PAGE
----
In this paper, we explore how robots can be used to study pragmatic strategies across a number of languages. Robots can assume many of the roles played by human interaction partners in a range of situations. They can be programmed to produce specific behaviours, each time repeating a behaviour in an identical way for as often as necessary. Thus, robots can be useful tools for investigating human behaviour in certain situations and even in cross-cultural contexts. We explore this use of robots in two case studies – one which investigates the delivery of bad news in Danish, German and English, and one which examines the giving of feedback in Danish, German and Polish. In both studies, systematic intercultural differences become apparent in the pragmatic strategies that are adopted. On the basis of the results, we discuss the advantages, potential pitfalls and possible solutions of using robots in the study of contrastive pragmatics.

In: Contrastive Pragmatics

Abstract

The present study examines request perspective, the least researched form of mitigation in requesting, while focusing on a type of request characterized by a strong preference for speaker perspective in English and for hearer perspective in most other languages researched to date. It examines requests produced by 900 speakers from nine different (inter)language groups: five groups of native speakers (English, German, Greek, Polish and Russian) and four groups of advanced learners of English as a foreign language (German, Greek, Polish and Russian L1s).

While our learners used more conventionally indirect forms than did the native speakers of the respective L1s, showing awareness of this English pragmatic norm, they retained a preference for the hearer perspective. These results suggest reliance on pragmatic universals as an alternative explanation to pragmatic transfer, also illustrating the need to address less salient pragmatic features in English language teaching.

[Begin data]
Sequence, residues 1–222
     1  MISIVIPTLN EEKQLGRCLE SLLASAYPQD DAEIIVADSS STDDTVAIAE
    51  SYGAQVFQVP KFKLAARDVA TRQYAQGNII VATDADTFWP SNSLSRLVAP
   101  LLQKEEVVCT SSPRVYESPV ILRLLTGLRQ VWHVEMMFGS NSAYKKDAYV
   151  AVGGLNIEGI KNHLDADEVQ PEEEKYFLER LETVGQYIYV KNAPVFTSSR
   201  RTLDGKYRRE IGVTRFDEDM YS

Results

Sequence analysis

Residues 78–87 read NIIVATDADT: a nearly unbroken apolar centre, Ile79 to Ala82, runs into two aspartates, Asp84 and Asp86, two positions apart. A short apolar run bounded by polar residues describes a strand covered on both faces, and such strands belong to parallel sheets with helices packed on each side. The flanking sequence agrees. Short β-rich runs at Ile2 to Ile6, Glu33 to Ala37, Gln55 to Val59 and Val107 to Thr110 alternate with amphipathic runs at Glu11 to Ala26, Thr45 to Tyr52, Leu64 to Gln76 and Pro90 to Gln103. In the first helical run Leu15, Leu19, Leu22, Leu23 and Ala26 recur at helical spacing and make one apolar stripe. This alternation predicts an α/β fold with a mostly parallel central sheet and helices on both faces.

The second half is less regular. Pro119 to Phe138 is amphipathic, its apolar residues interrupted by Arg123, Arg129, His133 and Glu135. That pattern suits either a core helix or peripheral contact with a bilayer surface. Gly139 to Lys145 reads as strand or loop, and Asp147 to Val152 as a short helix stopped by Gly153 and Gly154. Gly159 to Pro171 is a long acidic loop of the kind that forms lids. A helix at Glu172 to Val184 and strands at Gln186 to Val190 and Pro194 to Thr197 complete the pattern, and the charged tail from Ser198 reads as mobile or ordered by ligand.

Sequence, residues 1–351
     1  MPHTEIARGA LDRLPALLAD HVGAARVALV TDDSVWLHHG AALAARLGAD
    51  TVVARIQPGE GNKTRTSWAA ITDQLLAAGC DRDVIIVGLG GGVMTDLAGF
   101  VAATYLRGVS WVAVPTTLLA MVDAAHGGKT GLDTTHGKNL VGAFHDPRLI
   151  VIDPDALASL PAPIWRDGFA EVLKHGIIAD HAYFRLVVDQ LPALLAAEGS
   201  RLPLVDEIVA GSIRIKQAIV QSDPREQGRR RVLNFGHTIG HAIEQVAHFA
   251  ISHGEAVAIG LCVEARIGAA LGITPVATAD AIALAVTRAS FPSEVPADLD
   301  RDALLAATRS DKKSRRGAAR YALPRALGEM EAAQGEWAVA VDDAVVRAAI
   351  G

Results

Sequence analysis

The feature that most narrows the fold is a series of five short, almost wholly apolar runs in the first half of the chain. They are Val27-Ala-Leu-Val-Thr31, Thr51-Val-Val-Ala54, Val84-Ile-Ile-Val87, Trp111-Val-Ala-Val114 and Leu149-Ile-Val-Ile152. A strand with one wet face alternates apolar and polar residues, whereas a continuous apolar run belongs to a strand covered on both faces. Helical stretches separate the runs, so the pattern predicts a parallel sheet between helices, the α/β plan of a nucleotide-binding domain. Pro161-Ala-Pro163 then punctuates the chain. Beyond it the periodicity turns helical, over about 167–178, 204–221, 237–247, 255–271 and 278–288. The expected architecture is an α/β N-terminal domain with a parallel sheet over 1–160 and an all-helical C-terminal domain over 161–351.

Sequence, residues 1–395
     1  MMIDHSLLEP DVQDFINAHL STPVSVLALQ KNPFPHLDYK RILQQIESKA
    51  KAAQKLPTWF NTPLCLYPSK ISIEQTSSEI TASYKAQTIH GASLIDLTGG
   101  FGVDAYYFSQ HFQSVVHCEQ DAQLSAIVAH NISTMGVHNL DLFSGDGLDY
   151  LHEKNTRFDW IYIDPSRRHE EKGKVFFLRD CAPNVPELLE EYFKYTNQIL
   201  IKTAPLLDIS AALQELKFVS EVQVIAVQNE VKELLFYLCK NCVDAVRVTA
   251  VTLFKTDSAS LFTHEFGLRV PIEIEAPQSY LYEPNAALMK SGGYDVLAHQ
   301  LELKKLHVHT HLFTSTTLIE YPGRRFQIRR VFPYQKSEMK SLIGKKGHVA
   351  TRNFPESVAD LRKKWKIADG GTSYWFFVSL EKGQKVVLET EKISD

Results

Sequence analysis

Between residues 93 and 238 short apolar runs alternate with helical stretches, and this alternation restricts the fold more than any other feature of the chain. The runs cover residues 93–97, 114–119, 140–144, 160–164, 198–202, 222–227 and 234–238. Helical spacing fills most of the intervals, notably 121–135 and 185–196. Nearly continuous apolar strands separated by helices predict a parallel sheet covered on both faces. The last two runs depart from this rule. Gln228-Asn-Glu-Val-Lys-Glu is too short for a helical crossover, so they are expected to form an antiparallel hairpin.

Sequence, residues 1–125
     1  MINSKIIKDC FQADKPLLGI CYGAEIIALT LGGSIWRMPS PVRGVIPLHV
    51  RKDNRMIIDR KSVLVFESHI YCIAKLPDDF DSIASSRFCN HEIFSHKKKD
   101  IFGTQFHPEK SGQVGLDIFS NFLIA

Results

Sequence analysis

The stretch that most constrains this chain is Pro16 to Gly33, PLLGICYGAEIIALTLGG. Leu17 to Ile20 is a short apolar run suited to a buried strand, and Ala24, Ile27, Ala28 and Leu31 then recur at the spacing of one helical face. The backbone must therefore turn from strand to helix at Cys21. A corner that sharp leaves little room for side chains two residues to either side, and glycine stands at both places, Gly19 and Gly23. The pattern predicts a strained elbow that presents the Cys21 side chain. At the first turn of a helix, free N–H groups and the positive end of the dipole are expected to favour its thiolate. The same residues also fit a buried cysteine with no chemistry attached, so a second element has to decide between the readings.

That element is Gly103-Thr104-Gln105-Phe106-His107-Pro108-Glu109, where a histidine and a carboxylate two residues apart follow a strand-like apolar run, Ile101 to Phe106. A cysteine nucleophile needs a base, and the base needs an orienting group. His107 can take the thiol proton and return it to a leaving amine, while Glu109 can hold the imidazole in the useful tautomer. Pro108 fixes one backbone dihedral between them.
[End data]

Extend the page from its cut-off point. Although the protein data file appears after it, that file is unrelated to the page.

In: Contrastive Pragmatics
Author: Claire Kramsch

Abstract

Pragmatics has focused predominantly on the locutionary form and illocutionary force of utterances but largely ignored their perlocutionary effects. A shift toward the perlocutionary would require much greater attention being given to the historical and political context in the production and reception of utterances, as well as to interpretation as a performative process. This paper takes as empirical data a press report on the performance of a particular speech act by Donald Trump and its perlocutionary effect both on his addressee and on the readers of the incident as reported in the online versions of the New York Times and Die Zeit. It shows the value of focusing on perlocution for the study of political discourse in these global times. It also shows what pedagogical purchase can be gained by discussing perlocutionary acts and effects in communicative language teaching, rather than focusing exclusively on illocutionary acts.

In: Contrastive Pragmatics
Author: Karin Aijmer

Abstract

Contrastive pragmatics is closely associated with the use of parallel and comparable corpora for studying the similarities and differences between languages. Parallel corpora have now been extended to more than two languages making them more relevant for typological research, and they can be used to investigate whether there are (discourse) universals across languages. Contrastive pragmatic studies also need to take into account aspects of the communication situation and the social and cultural context. As a result, many contrastive studies nowadays are doubly contrastive in that they compare pragmatic phenomena across both genres and languages. Scholars have also begun to combine contrastive analysis (translations) with the diachronic analysis of pragmatic phenomena in historical corpora, and pragmatic phenomena are studied contrastively with the focus being on sociolinguistic aspects. Illustrating these new uses is a case study which compares English absolutely with Swedish absolut.

In: Contrastive Pragmatics